4 Ways Apps Help Users Get the Most Out of Chromebooks
Initially, people believed Chromebooks were good for surfing the internet and little else, but that mindset has been shown to be incorrect. Students are using Chromebooks -- 20 million in schools nationwide -- and G Suite for Education, Google’s popular education cloud platform which boasts 70 million users, for a large part of their learning.
How littleBits grew from side project to Star Wars
It wasn’t ever meant to be a product or a company. It was just a little project that I was doing. I took it to Maker Fair in 2009,” Bdeir explains, as we sit down in a corner of the company’s spacious Manhattan digs. “It was just me, in a little booth, showing it off to friends, and suddenly hoards of people started coming up and kids starting lining up to play with them. I started to realize there was a real opportunity to inspire kids and empower them to get excited about education.”
With a focus on careers and 'sneaky academics,' technical high schools are on the rise
Enthusiasm for career and technical education has been building in recent years as educators and lawmakers moved away from the once-popular notion that every student should try for a college degree. Many districts have added career academies to their high schools, hoping to tap into students' interests.
Tech companies want great STEM education -- they should pay a fair share
Some have heralded Amazon’s search for their second headquarters as a wake-up call to policymakers about the need for increased computer science and STEM education funding. While the goals are laudable, it is easy to overlooks a significant problem with the growth of companies such as Amazon and others -- It often comes at the expense of local education funding.
Without changes in education, the future of work will leave more people behind
A glimpse into America’s future labor market suggests a boom in health care jobs, soaring employment in clean energy and a continued decline in manufacturing positions. Those are among the key takeaways from 10-year employment projections released by the Bureau of Labor Statistics (BLS). The findings offer more evidence of widening socioeconomic inequality, the migration of jobs to the service sector and a drop in the number of middle-class jobs for workers with only a high school diploma.
Silicon Valley Tried to Reinvent Schools. Now It's Rebooting
Max Ventilla sold investors on a promise to build modern, technology-infused schools that would revolutionize education. The former Google executive convinced Mark Zuckerberg and prominent venture capitalists to commit $175 million to his startup, AltSchool. The company built at least nine grade schools in California and New York, some equipped with ceiling-mounted video cameras, an abundance of computers, custom apps, robots and 3D printers.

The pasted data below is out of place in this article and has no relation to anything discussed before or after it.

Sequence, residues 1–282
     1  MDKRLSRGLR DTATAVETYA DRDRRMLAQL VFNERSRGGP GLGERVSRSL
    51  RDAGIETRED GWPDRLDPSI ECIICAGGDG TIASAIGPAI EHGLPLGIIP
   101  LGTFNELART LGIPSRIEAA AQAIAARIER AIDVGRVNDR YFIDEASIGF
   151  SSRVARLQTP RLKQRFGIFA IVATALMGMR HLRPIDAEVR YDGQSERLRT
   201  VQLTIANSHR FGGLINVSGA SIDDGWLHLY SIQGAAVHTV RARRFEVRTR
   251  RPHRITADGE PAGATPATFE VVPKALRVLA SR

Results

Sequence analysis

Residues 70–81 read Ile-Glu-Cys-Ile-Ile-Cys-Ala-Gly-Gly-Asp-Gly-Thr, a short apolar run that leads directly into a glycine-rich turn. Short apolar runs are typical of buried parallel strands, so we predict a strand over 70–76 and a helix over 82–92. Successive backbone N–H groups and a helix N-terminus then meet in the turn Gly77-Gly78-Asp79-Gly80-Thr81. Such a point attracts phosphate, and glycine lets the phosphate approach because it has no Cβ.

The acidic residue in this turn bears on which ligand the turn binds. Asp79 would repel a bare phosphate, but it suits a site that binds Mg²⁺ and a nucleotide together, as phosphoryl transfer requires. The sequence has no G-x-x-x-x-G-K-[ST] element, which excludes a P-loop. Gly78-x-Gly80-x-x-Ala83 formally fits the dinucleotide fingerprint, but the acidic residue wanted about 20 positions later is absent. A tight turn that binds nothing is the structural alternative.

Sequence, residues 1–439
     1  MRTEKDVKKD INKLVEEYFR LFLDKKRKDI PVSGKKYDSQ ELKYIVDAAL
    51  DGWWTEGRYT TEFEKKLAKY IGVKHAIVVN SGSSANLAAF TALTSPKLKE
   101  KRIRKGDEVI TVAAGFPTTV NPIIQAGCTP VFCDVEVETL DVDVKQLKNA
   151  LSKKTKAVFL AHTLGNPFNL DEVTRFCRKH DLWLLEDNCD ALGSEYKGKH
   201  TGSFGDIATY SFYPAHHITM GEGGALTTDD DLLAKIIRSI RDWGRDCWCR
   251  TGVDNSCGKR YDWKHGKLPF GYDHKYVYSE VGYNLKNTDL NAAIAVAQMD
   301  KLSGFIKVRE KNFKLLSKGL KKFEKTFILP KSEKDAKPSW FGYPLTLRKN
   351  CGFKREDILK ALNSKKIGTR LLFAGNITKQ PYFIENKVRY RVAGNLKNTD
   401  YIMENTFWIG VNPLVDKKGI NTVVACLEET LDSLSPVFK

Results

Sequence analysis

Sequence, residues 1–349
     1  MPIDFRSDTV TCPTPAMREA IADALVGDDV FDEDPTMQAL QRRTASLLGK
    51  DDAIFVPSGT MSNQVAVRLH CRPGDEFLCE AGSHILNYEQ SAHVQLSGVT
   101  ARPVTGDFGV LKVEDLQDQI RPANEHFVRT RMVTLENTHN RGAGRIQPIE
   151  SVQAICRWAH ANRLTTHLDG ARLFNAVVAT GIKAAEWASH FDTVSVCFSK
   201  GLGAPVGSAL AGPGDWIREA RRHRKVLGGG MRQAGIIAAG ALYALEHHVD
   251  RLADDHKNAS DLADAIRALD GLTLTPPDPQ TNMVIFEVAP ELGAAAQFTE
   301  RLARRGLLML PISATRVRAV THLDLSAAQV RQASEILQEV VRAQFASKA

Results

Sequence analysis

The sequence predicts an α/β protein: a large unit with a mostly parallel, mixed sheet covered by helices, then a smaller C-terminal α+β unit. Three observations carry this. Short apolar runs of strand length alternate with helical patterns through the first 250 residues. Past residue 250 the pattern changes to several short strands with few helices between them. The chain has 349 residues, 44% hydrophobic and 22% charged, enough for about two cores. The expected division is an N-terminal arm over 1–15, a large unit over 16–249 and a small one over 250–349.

Is technology in schools making our kids smarter?
Bloomington Schools have mastered the one-to-one concept. That means one laptop for every student in the district. “Grades 3 through 12, every student is carrying a device," says Weisser. Digital content is much cheaper than text books, saving school districts thousands. It's immediate, adaptable and accessible outside of school walls. After three years of implementation, Weisser says he’s seen changes in the students with the technology.
6 ways video technologies are fundamentally shaping education
Video technologies’ continue to have a profound impact on K-12 and higher-ed classrooms as educators and students report increases in achievement, engagement and active content creation, according to a new survey from Kaltura. Ninety-nine percent of institutions report they have teachers regularly incorporating video technologies in their curriculum.
Hogan Aims to Draw More K-12 Girls, Minorities to Tech Jobs
Maryland Gov. Larry Hogan on Thursday announced an initiative promoting computer science and technology education, emphasizing gender and minority equity in the STEM field. Hogan's "ACCESS" initiative -- or Achieving Computer science Collaborations for Employing Students Statewide -- is an education and workforce development plan that includes $5 million in additional funding as well as new legislation to establish computer-science standards for K-12 education statewide.
Recruiting efforts pay off in form of young, bright engineers
Brain power is key to testing the most advanced aircraft and aircraft systems in the world. Where better to find that brain power than within the halls of the finest universities in the world. Each year, the 412th Test Engineering Group sends recruitment teams as far away as Georgia in search of young talent to pave the way for the future of flight test at Edwards AFB. This effort by the group seems to be paying off with 63 new engineers hired in the past two years.